Regardless, Facebook does indeed have a lot to answer for and we’ll be watching this story closely as it develops in the coming weeks and months.
What Does this Mean for Facebook Users?
While the actions of Cambridge Analytica are largely despicable and far beyond the fault of users, users can take action to reduce the likelihood of their data being handled and used by third parties. Take some time to run Facebook’s built-in privacy audit – at the very least. You should also spend a substantial amount of time looking through the apps that have access to your data. Don’t feel like this doesn’t concern you because it really does. We’re entering a new age online where data is a massive commodity, turning the gears of the world.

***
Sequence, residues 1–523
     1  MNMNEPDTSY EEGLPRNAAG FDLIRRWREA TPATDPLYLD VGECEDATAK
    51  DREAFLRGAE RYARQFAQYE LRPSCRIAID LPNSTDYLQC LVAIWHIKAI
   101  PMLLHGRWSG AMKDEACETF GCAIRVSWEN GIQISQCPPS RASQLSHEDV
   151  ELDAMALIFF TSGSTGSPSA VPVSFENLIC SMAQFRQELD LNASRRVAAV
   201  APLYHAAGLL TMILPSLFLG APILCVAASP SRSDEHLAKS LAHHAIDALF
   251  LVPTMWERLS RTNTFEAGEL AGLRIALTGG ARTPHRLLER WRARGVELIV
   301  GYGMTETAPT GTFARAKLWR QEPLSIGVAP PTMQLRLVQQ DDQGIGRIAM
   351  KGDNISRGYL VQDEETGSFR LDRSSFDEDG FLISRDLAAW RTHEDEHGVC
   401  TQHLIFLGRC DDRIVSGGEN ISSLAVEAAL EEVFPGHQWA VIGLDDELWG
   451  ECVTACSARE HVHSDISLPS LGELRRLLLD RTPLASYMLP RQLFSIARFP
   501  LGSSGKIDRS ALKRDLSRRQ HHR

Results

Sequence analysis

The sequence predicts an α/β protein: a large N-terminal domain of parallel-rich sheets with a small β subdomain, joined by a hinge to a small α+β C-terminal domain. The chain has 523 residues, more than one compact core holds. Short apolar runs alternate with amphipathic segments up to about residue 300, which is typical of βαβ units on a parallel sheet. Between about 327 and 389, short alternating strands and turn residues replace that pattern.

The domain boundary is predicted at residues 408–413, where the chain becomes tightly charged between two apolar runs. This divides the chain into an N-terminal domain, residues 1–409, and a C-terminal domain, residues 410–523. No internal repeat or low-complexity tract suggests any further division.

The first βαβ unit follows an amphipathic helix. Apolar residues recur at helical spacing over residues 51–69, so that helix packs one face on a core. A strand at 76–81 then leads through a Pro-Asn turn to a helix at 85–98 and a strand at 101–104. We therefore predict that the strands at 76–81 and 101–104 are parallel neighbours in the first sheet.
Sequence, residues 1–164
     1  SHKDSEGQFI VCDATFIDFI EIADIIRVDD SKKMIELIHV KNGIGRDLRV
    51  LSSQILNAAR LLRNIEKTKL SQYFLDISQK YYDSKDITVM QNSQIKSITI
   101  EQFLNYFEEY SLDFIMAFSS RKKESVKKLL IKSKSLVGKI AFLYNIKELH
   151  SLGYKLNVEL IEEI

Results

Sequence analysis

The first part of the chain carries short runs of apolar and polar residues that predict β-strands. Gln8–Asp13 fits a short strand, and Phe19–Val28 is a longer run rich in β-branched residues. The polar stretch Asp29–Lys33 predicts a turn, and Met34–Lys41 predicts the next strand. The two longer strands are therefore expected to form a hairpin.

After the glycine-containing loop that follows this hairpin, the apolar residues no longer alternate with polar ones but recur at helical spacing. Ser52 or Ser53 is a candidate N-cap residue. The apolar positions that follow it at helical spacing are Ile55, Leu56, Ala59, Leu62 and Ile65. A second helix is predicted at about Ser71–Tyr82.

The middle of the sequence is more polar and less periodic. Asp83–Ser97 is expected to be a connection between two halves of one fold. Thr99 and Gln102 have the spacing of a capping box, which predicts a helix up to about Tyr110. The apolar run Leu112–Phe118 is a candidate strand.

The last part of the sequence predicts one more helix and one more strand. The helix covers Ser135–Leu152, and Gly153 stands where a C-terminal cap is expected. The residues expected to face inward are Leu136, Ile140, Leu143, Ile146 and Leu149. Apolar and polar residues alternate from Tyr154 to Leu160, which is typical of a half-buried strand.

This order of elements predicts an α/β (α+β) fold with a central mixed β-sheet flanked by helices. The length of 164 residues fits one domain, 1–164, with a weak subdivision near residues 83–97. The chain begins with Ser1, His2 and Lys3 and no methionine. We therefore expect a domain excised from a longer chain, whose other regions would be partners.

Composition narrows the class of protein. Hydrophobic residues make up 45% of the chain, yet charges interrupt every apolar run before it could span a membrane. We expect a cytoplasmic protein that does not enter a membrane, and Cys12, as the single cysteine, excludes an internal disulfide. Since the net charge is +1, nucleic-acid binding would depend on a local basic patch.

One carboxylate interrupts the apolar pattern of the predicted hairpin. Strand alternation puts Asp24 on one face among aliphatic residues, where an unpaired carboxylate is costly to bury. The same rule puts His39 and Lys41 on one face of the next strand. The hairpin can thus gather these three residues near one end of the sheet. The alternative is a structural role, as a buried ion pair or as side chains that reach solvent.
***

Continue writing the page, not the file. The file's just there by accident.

I strongly recommend reading this fantastic article by Hazel O’Keeffe, detailing how to take the first steps, right through to ‘Fort Knoxing’ your Facebook profile.
Update: Article updated at 14:00 20/03/2018 to include statement from the Irish Data Protection Commissioner.